A real-life Todd on NBC’s ‘Outsourced’

I’m not sure if I’ve mentioned it explicitly before, but I am part of the Indian outsourcing world. My job at Trivandrum’s Technopark involves proofreading medical letters, and I am the only foreigner in my company. While Kerala is a world away from Mumbai, I feel qualified to pass judgment on two aspects 0f NBC’s new situation comedy ‘Outsourced’:

(1) whether or not it is true to life (because I am essentially the show’s main character)

(2) whether or not it is funny (because of my ability to notice what makes me laugh)

To answer (1), let me compare a few situations in the show to how they might play out in my life.

In the first episode, Todd meets his staff by going around the office introducing himself to each of them. The assistant manager tags along quietly beside him. In my office the manager would do all the talking, describing both me and my new colleague for each other’s benefit without either of us really having to say anything. Inaccurate.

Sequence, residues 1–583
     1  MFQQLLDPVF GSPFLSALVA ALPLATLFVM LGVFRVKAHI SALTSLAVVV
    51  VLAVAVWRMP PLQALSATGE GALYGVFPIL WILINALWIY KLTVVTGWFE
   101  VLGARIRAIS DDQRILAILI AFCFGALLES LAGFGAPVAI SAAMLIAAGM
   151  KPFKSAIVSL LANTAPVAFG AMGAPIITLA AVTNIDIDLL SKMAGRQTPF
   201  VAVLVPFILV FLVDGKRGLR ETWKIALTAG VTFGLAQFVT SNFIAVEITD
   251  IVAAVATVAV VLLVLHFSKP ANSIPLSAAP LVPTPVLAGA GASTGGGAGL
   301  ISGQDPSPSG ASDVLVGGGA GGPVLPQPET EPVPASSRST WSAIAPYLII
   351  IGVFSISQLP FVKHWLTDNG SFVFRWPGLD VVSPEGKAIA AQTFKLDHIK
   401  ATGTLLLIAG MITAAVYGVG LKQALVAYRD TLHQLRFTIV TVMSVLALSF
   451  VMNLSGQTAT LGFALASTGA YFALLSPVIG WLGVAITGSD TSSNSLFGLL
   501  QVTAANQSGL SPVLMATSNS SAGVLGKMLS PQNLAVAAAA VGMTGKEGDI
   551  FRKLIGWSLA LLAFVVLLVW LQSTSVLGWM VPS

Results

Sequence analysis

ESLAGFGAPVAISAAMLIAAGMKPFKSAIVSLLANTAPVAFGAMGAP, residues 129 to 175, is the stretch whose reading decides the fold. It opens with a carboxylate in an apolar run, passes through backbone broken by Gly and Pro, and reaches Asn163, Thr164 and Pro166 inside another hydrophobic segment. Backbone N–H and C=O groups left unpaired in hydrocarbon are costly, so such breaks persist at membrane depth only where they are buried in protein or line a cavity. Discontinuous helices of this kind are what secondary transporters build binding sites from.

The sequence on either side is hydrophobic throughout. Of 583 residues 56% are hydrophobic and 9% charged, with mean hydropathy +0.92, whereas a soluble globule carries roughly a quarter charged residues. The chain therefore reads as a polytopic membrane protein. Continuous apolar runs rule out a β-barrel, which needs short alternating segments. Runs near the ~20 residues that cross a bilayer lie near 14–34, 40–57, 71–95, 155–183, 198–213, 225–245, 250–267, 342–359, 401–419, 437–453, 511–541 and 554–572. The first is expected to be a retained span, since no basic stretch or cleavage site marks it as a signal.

The staff are immediately revealed to be a collection of stereotypes: the petite and quiet girl, the ambitious and business-obsessed assistant manager, the attractive and assertive girl, the cool and flirtatious young guy and the overweight dude who won’t shut up. In my office, it takes literally years for some colleagues to reveal their character to you, and generally interactions are kept to business – to wit, they bring as little character to work as possible, saving it for after hours. If you’re lucky, you get to spend time with them after hours and get to know them better. Inaccurate.

Todd’s fellow foreigners in his Outsourcing Building are a dinki di Aussie chick and Diedrich Bader. I have never seen a dinki di Aussie chick anywhere near my Outsourcing Building, and I most definitely haven’t seen Diedrich Bader. Inaccurate.

In the second episode, the office break room is shown to be colourful and filled with a number of snacks and tea-and-coffee-making facilities, with laughter emanating from the mingling men and women on the staff. My break room has some chairs and tables, a big sink, one BRU tea/coffee machine, and a water cooler. The walls are white and bare. The staff generally sit segregated according to gender, and those that mingle with the opposite sex do so very quietly so as not to attract too much attention. They are also usually married couples. Inaccurate.